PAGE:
Posted On August 6, 2010 by Print This Post

Dirty Little Secrets

The Dirty Little Secret of Storytelling

By Larry Brooks

Nobody likes to talk about it.  Much less admit to it.

Even at writing conferences, where hopeful authors pay good money to hear workshop leaders they may have never heard of school them on the fundamentals of spinning a publishable story.

If you write within a genre, including romance – especially romance – the language of its cover-up doubles.

One of the primary reasons this dirty little storytelling secret isn’t talked about openly is that only a fraction of the people lining up to learn – and in many cases teach – the craft of storytelling aren’t even aware of it.

Or if they are, they use vague concepts and diversionary language to describe it.  That doesn’t change the fact of its existence.  It’s like the world being round, it just is, even if you’ve never seen it from space.

Leaving a smug minority who, quietly and competently, leverage it all the way to the bank.  Or at least to the bookstore for their next signing.

This group of authors divides into three categories: those that know it but won’t cop to it, those that don’t know it but somehow stumble onto it through the revision process, and those who get lucky and never realize what they’re onto.

The latter are one-hit wonders, at best.  Because you don’t get lucky twice.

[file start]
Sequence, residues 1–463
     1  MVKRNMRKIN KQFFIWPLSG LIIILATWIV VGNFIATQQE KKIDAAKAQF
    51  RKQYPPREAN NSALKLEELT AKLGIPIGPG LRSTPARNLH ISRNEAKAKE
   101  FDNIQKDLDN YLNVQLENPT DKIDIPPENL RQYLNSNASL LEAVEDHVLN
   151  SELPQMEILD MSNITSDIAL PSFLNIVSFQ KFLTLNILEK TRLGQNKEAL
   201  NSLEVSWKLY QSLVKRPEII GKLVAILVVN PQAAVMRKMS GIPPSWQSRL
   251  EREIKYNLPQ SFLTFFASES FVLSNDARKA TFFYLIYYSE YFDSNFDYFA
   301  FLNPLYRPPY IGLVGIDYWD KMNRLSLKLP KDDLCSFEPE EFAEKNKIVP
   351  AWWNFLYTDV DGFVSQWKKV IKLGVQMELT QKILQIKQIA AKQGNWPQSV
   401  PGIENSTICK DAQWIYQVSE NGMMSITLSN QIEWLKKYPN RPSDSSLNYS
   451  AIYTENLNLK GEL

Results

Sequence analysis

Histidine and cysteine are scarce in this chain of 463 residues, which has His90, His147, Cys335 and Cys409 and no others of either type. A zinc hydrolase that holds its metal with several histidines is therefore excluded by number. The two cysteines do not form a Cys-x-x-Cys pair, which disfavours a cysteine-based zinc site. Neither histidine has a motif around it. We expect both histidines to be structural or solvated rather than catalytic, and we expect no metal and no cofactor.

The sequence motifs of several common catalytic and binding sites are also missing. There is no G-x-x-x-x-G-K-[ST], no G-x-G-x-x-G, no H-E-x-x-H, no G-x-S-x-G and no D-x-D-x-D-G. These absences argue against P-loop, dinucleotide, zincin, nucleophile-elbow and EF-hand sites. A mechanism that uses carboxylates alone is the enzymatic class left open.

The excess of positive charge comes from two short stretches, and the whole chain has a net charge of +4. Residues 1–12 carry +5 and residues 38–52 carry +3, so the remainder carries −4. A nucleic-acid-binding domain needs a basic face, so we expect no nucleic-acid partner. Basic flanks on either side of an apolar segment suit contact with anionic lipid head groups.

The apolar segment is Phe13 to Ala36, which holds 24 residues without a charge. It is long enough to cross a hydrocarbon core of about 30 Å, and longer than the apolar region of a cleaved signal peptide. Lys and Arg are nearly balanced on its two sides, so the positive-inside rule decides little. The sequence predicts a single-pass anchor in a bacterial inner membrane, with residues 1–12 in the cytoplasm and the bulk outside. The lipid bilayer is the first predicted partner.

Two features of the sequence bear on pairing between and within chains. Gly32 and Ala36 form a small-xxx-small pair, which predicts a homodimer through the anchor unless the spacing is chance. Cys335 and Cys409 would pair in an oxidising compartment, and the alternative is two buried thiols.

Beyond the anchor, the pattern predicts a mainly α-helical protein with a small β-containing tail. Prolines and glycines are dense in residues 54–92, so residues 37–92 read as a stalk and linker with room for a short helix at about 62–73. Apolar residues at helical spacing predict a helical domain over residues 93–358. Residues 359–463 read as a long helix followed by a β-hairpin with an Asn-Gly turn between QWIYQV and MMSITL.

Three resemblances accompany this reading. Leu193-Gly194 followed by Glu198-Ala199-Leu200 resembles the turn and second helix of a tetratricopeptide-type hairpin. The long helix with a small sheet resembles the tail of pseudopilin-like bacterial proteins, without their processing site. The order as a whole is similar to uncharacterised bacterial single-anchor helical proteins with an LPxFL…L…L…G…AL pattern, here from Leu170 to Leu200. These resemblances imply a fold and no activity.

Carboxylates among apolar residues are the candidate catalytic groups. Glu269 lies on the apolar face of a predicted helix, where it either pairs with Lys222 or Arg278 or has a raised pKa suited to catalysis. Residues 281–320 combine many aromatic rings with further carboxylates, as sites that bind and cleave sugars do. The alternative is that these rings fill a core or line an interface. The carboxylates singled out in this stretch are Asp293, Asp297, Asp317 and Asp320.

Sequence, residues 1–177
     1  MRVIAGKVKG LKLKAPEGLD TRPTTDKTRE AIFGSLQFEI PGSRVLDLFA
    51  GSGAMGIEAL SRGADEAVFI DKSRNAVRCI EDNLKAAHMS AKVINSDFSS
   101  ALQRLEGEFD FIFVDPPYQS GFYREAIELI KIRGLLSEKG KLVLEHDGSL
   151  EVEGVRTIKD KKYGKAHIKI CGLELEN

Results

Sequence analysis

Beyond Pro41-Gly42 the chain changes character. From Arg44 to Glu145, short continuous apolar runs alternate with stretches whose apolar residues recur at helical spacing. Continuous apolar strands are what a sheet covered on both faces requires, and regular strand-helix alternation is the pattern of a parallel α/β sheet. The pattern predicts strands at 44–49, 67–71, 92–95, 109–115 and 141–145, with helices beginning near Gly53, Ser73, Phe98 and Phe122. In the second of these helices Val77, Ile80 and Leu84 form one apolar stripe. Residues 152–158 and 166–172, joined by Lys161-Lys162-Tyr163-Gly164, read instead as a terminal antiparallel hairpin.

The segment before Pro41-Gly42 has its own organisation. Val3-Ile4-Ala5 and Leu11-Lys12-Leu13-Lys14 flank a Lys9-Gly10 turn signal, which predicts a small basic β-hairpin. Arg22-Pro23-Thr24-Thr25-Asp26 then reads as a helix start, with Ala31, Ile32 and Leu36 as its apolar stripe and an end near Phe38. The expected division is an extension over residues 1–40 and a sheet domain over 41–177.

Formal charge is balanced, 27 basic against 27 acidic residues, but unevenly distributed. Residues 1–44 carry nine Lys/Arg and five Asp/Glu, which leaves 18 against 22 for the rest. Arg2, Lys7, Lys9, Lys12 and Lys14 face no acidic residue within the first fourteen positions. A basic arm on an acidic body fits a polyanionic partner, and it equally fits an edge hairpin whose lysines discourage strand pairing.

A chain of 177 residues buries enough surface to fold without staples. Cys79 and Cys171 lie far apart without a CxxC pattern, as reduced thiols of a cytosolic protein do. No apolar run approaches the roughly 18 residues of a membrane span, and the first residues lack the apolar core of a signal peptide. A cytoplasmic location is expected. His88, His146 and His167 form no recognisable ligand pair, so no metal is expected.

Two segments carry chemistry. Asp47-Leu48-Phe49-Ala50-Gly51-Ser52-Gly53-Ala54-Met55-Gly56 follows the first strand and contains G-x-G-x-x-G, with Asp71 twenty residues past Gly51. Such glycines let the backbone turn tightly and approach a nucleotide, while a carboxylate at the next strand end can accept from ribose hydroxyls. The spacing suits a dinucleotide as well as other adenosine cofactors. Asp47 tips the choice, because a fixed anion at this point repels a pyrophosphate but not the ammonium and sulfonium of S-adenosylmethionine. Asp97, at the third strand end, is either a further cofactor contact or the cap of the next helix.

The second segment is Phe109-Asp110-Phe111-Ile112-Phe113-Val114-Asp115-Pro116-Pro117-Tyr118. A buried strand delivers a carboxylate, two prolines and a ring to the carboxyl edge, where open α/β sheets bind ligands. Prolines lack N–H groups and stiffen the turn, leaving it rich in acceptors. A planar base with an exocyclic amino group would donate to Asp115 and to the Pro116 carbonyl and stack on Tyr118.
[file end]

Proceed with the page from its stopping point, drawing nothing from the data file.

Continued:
The former are the name-brand authors you see in the window at Borders, year after year.

What is this dirty little secret?

Are you sure you want to know?

It might ruin your illusion of writing being the artful process of channeling the overflow of passion and romantic swoon onto the page through the lens of your fantasies and experiences.  Great fodder for cocktail parties and critique groups.

But that won’t get you published.

The dirty little secret is this: there’s a formula for storytelling.  A structural expectation.  A rather rigid order of exposition, with specific things the story needs to do at specific places.

In other words, you don’t get to write your story any way you please.

To publish it, you need to write it the way agents and publishers expect it to be written.  You can’t invent your own genre, or your own structural format.  Any more than a dancer can ignore the music, or a golfer can aim for any green they choose.

Almost 100 percent of commercial fiction published today, in any genre – and that includes romance – aligns with that formula.  That’s right, the craft of writing novels that sell is blatantly, inescapably formulaic.

Once you know what is you’ll see it playing out in every novel you read and movie you see.  Once you know, everything about your writing and reading experience will change forever.

Do you know what the formula is?

If not, you’ve just defined what the next part of your writing journey should be.  You need to internalize this, every bit as much as a chef needs to understand how to turn on an oven.

Good analogy, that.  Because the oven is where all the heat comes from.

Here’s the really dirty part.

Your chances of writing something that has a shot at publication are almost non-existent if you don’t fall into one of those three categories.  Which means you either get it, you somehow find it, or it finds you by random chance.

“It,” of course, being the nature of that structural expectation.

This doesn’t change what you think you know about storytelling.

It just builds a solid foundation beneath it.

Behind all the rhetoric of hunky heroes, even more beautiful heroines, powerful prose, sizzling romantic encounters, exotic settings, tears and cheers and sweaty sex, there resides a set of storytelling principles that any writer seeking publication must understand and execute.

Those principles are the antithesis of episodic, this-happens-then-this-happens storytelling, which is the bane of the new, under-informed author.